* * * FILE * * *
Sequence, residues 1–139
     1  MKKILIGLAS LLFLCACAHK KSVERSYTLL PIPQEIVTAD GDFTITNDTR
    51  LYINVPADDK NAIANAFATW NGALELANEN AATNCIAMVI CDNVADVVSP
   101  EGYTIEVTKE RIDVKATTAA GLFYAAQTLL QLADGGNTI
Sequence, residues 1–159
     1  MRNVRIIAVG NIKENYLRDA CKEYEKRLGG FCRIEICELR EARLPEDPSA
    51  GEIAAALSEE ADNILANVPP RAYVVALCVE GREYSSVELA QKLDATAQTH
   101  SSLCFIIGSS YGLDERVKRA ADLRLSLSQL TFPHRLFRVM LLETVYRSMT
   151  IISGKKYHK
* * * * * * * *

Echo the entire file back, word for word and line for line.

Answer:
Sequence, residues 1–139
     1  MKKILIGLAS LLFLCACAHK KSVERSYTLL PIPQEIVTAD GDFTITNDTR
    51  LYINVPADDK NAIANAFATW NGALELANEN AATNCIAMVI CDNVADVVSP
   101  EGYTIEVTKE RIDVKATTAA GLFYAAQTLL QLADGGNTI
Sequence, residues 1–159
     1  MRNVRIIAVG NIKENYLRDA CKEYEKRLGG FCRIEICELR EARLPEDPSA
    51  GEIAAALSEE ADNILANVPP RAYVVALCVE GREYSSVELA QKLDATAQTH
   101  SSLCFIIGSS YGLDERVKRA ADLRLSLSQL TFPHRLFRVM LLETVYRSMT
   151  IISGKKYHK